Steroid Epidurals Can Help Relieve Sciatica

A recent randomised trial published in Annals of Internal Medicine by Cohen and his colleagues shows that steroid epidurals can help relieve sciatica. They found that “75% of patients treated with epidural steroids reported 50% or greater leg pain relief and a positive global perceived effect at 1 month”.  Of course, an epidural is an invasive treatment with associated risks and would probably not be the first choice of treatment. Conservative therapies such as physiotherapy, osteopathy, chiropractic, acupuncture, etc. should be the first port of call. In addition, your GP may prescribe anti-inflammatories and analgesia. Only in cases of severe sciatica when conservative treatment has not been effective should an epidural be envisaged.

Over time the healing process should help settle the sciatica, irrespective of whether or not a steroid epidural is performed, but an epidural can catalyse the process by decreasing pain, decreasing anxiety and stress, increasing mobility and allowing the participation in physiotherapy and rehabilitation.

An Integrated Approach To Low Back Pain Improves Results

An article in Medical News Today reviews a study in The Journal of Alternative and Complementary Medicine on the treatment of low back pain. A combined program of complementary and conventional therapies was found to be more helpful than the usual care provided by the primary care physician. The benefits of the program were a decrease in pain and an improvement in function. The complementary therapies provided included physiotherapy, acupuncture, massage, mind-body techniques, chiropractic and nutritional advice. Healing in Motion in St Albans aims to treat musculoskeletal disorders using a holistic, integrated approach.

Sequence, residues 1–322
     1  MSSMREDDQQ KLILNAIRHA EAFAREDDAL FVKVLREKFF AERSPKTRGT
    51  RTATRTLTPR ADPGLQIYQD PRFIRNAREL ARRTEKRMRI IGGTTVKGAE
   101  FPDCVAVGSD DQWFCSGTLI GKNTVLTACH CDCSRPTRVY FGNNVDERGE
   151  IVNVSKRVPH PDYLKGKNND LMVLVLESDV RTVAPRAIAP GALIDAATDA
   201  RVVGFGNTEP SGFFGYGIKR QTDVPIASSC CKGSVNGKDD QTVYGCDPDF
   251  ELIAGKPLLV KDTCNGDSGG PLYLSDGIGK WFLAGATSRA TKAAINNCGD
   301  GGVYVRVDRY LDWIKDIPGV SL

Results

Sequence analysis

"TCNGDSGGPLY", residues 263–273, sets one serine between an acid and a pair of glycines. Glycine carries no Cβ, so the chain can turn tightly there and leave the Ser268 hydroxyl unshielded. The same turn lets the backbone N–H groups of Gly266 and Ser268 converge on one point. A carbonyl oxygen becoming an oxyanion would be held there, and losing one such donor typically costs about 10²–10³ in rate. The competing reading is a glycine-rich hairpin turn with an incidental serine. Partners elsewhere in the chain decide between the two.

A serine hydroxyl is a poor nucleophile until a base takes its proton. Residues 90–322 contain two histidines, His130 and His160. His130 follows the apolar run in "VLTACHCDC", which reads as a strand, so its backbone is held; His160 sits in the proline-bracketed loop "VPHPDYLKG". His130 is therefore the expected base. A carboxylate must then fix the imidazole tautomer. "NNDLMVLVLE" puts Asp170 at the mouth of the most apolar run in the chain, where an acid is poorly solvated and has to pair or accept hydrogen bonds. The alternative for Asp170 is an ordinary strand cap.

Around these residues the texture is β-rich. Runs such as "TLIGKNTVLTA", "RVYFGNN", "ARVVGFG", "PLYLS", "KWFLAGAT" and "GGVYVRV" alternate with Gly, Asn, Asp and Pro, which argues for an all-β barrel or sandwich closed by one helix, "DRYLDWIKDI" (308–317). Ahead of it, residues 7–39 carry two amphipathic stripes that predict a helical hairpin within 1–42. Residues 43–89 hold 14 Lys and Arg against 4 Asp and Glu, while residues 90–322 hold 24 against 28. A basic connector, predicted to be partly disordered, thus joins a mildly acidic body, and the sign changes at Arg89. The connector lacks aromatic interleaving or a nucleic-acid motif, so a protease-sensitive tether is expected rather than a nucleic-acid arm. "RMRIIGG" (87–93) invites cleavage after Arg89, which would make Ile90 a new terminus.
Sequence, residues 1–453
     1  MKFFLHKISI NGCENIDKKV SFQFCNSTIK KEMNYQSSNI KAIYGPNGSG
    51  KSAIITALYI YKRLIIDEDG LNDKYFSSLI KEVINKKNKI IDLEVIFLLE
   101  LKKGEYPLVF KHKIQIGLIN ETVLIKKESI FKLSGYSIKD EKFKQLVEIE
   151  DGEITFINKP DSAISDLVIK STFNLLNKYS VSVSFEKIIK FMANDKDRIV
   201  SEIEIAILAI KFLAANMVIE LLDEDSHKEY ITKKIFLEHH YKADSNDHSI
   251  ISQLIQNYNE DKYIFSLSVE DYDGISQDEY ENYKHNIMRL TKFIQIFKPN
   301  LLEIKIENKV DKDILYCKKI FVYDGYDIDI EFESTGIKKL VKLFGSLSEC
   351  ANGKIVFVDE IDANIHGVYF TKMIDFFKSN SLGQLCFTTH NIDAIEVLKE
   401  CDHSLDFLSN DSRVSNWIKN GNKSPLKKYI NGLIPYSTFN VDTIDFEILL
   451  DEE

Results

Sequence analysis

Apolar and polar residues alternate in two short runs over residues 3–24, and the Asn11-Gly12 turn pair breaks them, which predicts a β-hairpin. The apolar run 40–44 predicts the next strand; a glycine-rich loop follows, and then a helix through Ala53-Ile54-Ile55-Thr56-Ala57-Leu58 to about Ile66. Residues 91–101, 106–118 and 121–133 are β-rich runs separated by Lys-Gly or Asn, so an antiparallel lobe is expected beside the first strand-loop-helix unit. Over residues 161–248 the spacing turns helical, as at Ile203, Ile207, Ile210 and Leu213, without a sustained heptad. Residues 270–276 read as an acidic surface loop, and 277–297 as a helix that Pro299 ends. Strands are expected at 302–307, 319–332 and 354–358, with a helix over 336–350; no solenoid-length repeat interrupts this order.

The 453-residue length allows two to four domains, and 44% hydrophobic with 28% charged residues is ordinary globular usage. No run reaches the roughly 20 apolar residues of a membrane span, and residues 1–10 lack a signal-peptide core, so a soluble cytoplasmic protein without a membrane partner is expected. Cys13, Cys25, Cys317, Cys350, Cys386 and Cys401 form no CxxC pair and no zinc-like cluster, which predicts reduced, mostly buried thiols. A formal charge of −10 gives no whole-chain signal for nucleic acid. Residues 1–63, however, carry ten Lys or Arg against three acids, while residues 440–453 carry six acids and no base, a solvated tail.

Acupuncture Awareness Week

This week the British Acupuncture Council is launching the very first Acupuncture Awareness Week and their website is full of useful information. Of all the treatments I use, acupuncture is by far the one that most clients are curious about. Acupuncture has been used in China for over 2000 years. Fine needles are inserted into the skin to stimulate the body. Obviously, the needles are sterile and disposed of after use. Acupuncture can help with all sorts of muscle or joint pains like back pain for instance. The most common question is; how does it work? Let’s use back pain as an example (the following information was provided by the British Acupuncture Council).

“Acupuncture can help back pain by:

  • Providing pain relief – by stimulating nerves located in muscles and other tissues, acupuncture leads to release of endorphins and other neurohumoral factors and changes the processing of pain in the brain and spinal cord (Pomeranz 1987; Zhao 2008).
  • Reducing inflammation – by promoting release of vascular and immunomodulatory factors (Kim 2008, Kavoussi 2007;Zijlstra 2003).
  • Improving muscle stiffness and joint mobility – by increasing local microcirculation (Komori 2009), which aids dispersal of swelling and bruising.
  • Reducing the use of medication for back complaints (Thomas 2006).
  • Providing a more cost-effective treatment over a longer period of time (Radcliffe 2006;Witt 2006).
  • Improving the outcome when added to conventional treatments such as rehabilitation exercises (Ammendolia 2008; Yuan 2008).”
  • Releasing tight bands in muscles

Following research into the effects of acupuncture on low back pain, the National Institute for Health and Clinical Excellence (NICE) now recommend that GPs offer a course of 10 sessions of acupuncture as a first line treatment for persistent, non-specific low back pain.

Acupuncture Helps Reduce Stress

An article in today’s Mail Online reviews research carried out on the effects of acupuncture on stressed rats. The results show that acupuncture can reduce the levels of a protein linked to stress. Apparently this is the first study to show molecular proof of the benefit of acupuncture on stress.